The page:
Very English books of course. Many by Roald Dahl like Fantastic Mr. Fox, The Twits and Matilda were read to us at school. There was also a brilliant short story, very British as well, called The Balaclava Story that I loved to read. If you ever read the story you could tell that I was a bit of a tomboy when I was young.
Claire's (1)
Did you always want to be an author?

I always wanted to be an artist. Just recently I wanted to do both.

What do you like about writing books?

You can create everything about it. It’s just like with animation. You’re in charge of everything. Animation is a bit of writing as well. You create storyboards and write out the story. You’re in control.

What inspires your work? Are any of your stories inspired from everyday life?

I’ve got two young boys, one that’s just turned four and the other, two. I tell them stories at night so that sparks ideas. Or even the things that they say inspires me! I write everything down. I also think everything influences writers and illustrators. If you find something you like or dislike on television or read it in a book, it can spark an idea.

In your perspective what is the most challenging part of being an aspiring picture book writer and illustrator?

The hardest challenge about my writing is creating characters. I focus more on the story than the characters.

How have you benefited from being a member of the Society of Children’s Book Writers and Illustrators? 

It’s so good! The main thing I’ve got out of it is the critique groups. We meet once a month in Seven Stories where I’ve gotten honest feedback on my work, learned from reading others’ work and made many friends.

What advice can you offer the public about computer animation?
You can use iStop Motion which is a free stop-motion app you can download on your phone. If you want to do any kind of animation, that might be a good place to start. I also use free software called Blender, a 3D animation program. It has a compositor included which is really useful, but it has a steep learning curve.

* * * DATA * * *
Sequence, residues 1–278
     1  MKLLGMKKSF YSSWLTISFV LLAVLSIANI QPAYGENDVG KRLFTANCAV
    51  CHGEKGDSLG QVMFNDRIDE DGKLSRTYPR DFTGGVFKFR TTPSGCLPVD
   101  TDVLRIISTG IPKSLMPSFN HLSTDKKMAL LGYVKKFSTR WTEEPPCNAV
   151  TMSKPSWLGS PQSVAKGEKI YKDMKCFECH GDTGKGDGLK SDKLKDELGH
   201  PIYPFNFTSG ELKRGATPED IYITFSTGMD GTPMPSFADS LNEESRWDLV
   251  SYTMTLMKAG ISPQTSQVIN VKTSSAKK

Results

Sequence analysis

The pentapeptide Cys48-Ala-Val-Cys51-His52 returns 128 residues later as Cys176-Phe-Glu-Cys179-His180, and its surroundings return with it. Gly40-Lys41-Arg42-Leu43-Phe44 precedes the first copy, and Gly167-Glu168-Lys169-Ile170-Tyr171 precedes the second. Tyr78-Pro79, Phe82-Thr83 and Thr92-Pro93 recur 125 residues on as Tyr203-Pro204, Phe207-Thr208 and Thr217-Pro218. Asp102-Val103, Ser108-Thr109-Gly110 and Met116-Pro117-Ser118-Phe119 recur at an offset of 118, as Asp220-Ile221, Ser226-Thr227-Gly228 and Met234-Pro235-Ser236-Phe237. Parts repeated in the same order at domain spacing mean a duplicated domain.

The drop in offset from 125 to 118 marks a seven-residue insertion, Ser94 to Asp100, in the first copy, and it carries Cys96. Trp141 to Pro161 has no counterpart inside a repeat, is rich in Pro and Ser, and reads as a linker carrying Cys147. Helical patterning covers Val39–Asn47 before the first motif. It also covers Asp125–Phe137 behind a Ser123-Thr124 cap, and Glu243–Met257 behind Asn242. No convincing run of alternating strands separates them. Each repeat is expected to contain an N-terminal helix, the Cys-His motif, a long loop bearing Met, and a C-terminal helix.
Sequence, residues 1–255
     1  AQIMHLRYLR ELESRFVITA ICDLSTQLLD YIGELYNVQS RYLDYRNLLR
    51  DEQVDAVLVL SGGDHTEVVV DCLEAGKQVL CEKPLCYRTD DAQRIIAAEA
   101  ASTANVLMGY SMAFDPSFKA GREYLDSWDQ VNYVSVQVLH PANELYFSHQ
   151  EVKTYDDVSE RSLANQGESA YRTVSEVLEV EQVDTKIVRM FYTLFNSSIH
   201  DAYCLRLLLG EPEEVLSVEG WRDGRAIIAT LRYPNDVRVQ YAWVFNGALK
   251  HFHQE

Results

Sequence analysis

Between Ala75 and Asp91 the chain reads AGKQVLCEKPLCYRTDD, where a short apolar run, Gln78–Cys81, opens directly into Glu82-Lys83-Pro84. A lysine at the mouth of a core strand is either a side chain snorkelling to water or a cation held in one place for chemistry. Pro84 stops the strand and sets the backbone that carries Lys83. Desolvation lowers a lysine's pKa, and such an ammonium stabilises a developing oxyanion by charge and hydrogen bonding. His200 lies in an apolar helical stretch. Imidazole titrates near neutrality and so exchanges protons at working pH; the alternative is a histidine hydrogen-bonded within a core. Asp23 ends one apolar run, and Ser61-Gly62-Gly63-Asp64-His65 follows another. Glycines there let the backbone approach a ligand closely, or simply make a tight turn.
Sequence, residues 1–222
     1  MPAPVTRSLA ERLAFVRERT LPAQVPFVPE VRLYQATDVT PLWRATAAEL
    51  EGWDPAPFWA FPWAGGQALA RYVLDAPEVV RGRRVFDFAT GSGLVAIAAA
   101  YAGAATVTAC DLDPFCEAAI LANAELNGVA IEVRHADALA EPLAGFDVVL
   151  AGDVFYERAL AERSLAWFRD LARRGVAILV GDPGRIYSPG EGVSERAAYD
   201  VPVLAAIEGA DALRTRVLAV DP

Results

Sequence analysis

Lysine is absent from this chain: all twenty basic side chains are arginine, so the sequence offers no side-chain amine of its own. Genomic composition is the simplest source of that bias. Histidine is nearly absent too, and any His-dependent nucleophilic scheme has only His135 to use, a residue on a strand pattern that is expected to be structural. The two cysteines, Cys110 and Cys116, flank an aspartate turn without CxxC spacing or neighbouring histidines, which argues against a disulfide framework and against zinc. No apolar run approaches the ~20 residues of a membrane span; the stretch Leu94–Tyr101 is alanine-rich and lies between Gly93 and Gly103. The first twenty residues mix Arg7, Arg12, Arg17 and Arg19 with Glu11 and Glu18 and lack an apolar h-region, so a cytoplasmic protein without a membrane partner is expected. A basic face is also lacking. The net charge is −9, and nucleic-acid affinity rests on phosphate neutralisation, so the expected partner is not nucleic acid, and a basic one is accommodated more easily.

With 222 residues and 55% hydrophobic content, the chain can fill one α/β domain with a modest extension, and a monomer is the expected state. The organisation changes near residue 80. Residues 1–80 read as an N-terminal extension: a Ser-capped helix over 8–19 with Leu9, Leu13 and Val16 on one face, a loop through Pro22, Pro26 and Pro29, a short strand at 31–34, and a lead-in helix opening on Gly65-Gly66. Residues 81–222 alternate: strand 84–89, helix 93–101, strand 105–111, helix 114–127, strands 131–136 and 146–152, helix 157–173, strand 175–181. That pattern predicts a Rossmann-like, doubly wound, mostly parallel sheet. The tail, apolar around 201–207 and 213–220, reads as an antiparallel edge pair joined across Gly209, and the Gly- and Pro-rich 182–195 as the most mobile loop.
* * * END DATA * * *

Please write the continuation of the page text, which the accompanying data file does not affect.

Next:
I notice you have a unique illustration style. Who/What would you say has influenced your picture books?
Using gouache has left a huge influence on my paintings. When I was teaching I had access to The Famous Artist Course which included golden age illustrators such as Norman Rockwell and Albert Dorne. They set this school up and they taught the step-by-steps, where I learned how to use gouache. 
Brush and ink drawing of two children and a dog throwing Autumn leaves in the air. A children's picture book style illustration
Brush and ink drawing of two children and a dog throwing Autumn leaves in the air. A children’s picture book style illustration
How do you think teachers can encourage their students to read more and enjoy it?

Teachers should ask interesting questions, maybe set up a treasure hunt or some kind of adventure for their students and remember that reading should be all about fun.

What advice would you give other aspiring authors and illustrators?

Don’t give up. I’ve been working on getting published for four years. When you get a rejection letter you think you would be downhearted, but it’s a learning process. You just have to find the right match.

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4 CommentsLeave a Comment

Kid Lit TV Commenter Darlene Beck Jacobson

A great interview. Thanks for sharing your process and passion for kid lit!